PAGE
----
Nuclear engineering for safety, control and security
13-14 March 2019 | Bristol Marriott Royal Hotel, Bristol
Statistical testing methods for ‘Smart Device’ justification
- Silke Kuball, Lee Walker: EDF Energy Nuclear Generation
- Rob Stockham, Sam Faulkner: Moore Industries-Europe, Inc.
- Benedikt Heinz, Benoit Jouan: Gantner Instruments GmbH
What are smart devices and how are they used in the nuclear industry?
The civil nuclear industry increasingly uses Commercial off The Shelf software-based devices that
- have a specific limited functionality (such as transmit a pressure, alarm on high temperature etc),
- contain a microprocessor running software to carry out that function,
- are pre-developed for a wide range of different customers and industries (not just safety-critical) and
- can be configured but not programmed by the end user.
In the UK nuclear industry, we refer to such devices as “smart devices”, which has nothing to do with artificial intelligence but merely refers to the in-built “intelligence” in the form of say firmware. It refers to the fact that the behaviour of these devices cannot be exhaustively tested, the number of inputs combined with internal states is too high and even after many operational use hours one can still encounter a situation where for a specific input/configuration combination, the device exhibits “unexpected behaviour”.
“Smart devices” often carry out what looks like a “simple” function, yet their internal complexity can be substantial. Hence as with all complex designs there is a risk of latent errors and when such devices are used in safety-related or safety-critical contexts, the customer needs to satisfy themselves (and their regulator) that the methods used to reduce the risk of such errors leading to hazardous failures are appropriate, effective and satisfactorily applied. This is usually the aim of using standards and auditing against standards.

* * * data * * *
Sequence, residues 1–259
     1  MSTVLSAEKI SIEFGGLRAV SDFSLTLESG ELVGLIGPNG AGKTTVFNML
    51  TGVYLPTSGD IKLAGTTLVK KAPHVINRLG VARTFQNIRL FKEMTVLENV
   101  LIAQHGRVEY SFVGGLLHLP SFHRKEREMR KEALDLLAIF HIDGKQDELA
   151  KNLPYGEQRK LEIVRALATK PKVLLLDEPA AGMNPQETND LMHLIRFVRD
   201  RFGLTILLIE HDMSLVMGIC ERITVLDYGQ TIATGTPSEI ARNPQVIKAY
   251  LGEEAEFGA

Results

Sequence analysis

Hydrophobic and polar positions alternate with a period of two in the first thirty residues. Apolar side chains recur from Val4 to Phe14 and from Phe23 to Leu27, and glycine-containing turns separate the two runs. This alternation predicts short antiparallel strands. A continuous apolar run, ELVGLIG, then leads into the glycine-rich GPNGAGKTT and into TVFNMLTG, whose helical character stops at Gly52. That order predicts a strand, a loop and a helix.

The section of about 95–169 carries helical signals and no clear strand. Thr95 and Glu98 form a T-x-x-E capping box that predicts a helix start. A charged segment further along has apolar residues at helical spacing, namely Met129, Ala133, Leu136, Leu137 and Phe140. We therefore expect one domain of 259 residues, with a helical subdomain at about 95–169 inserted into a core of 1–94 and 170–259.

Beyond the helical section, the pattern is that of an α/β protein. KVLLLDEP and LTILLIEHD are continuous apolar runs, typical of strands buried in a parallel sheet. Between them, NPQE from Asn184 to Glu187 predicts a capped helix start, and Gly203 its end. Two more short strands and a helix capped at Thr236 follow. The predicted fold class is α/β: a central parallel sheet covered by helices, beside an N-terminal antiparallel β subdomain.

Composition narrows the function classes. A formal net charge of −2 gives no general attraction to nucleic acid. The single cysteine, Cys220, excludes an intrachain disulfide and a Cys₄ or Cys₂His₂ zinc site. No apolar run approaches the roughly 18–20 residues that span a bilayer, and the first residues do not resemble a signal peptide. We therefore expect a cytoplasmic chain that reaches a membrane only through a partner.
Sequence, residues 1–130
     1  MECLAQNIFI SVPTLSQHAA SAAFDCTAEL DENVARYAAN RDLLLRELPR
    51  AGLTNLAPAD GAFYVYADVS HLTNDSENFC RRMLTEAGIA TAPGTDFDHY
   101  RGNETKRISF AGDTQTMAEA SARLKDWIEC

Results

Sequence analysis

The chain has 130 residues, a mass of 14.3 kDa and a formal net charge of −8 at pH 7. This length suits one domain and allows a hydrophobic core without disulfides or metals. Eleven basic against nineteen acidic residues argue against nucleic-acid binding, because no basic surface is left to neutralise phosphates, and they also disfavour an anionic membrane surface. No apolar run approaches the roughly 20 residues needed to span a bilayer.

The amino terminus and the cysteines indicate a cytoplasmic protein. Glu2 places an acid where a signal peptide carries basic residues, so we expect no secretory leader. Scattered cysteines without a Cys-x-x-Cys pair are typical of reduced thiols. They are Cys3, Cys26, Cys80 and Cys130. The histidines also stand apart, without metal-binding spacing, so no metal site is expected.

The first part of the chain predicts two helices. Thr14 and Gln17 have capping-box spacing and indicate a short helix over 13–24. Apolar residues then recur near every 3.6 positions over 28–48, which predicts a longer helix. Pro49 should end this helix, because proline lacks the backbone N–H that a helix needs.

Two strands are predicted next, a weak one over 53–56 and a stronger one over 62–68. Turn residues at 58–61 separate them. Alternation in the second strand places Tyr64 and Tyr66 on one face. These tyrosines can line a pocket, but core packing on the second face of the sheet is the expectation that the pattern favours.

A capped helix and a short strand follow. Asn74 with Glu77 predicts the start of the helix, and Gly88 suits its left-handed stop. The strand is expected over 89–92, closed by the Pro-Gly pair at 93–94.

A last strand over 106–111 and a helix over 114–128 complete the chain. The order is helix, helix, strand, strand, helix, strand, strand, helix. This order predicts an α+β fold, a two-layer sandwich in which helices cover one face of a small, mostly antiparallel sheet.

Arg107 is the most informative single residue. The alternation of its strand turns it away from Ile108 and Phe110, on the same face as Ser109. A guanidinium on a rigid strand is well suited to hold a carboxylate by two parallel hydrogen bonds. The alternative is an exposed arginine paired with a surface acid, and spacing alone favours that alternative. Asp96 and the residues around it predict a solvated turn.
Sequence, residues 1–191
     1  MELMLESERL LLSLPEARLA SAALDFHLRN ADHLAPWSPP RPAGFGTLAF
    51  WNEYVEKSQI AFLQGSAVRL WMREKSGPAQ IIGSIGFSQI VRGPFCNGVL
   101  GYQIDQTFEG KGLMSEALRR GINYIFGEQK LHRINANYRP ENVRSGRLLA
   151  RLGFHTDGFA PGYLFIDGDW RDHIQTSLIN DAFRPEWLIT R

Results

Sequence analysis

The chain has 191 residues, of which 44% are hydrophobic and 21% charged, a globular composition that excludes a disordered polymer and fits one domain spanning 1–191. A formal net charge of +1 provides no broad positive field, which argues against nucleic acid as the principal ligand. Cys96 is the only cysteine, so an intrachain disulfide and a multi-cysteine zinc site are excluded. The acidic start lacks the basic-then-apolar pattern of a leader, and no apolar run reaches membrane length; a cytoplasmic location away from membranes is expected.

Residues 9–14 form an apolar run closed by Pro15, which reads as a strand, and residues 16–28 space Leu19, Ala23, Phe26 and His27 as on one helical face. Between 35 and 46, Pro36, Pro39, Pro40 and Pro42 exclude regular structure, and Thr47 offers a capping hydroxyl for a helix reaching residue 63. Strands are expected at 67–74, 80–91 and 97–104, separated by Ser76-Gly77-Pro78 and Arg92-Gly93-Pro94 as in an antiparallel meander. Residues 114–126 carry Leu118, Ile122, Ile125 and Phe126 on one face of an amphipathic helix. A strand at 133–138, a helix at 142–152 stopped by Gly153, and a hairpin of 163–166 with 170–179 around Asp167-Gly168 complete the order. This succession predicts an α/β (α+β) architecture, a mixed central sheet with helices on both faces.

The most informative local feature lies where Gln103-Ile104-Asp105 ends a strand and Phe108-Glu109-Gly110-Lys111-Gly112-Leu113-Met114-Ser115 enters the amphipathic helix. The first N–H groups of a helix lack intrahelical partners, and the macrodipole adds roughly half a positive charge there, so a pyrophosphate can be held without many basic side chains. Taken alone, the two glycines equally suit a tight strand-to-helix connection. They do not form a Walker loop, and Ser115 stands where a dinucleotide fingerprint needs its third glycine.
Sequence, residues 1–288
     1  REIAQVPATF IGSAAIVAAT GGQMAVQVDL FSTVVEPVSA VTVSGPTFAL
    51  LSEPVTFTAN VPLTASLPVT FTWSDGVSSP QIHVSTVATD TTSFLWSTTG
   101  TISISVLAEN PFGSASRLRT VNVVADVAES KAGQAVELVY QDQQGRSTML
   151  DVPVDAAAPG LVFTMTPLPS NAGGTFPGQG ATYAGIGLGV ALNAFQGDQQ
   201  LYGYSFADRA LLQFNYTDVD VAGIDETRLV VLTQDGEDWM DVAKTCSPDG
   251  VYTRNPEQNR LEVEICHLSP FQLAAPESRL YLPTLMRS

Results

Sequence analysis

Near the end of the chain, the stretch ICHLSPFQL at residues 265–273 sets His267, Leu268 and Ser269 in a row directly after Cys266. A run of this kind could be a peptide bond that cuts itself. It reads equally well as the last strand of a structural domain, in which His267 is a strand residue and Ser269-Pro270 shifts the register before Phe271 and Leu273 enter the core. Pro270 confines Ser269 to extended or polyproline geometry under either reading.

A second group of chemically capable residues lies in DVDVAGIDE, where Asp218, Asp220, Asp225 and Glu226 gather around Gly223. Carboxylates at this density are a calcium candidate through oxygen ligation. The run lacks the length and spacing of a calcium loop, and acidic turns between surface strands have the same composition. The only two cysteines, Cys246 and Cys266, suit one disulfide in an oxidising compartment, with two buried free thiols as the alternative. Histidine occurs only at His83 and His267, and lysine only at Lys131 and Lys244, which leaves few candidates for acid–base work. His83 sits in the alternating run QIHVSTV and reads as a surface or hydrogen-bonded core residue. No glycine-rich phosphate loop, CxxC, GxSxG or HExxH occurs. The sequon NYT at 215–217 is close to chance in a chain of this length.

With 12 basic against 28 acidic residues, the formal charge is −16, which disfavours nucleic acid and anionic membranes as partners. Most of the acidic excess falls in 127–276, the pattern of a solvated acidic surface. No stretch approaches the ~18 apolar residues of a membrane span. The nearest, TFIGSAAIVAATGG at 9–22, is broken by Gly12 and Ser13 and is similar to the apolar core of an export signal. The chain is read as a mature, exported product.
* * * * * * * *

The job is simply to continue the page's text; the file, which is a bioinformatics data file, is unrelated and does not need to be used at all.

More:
How are they usually justified? What are some of the problems with these methods of justifying smart devices?
Where they are used in safety significant contexts, “safety-claims” are attached to devices and these are linked to class, to SILs and to probabilities of failure per demand or per annum. Usually, the UK nuclear industry is employing the EMPHASIS ‘Production Excellence’ approach to perform independent assessments of the development lifecycle of a device. This approach is largely based on IEC 61508. Where there is a lack of compliance with 61508 or an equivalent standard or where there is a lack of ability of the manufacturer to make resource available to support such an assessment, the confidence to be gained from a standards-based approach is limited. In this case, additional measures for device substantiation need to be employed. Also, when the safety claim is quite onerous, e.g. 10-3 pfd or 10-4 pfd, the licensee will carry out additional in-depth independent confidence building. In both these cases, testing of the product with actual use-cases is a technique of great benefit. It allows to observe the behaviour of the product in operation and – if done right – this can significantly add to confidence in the product.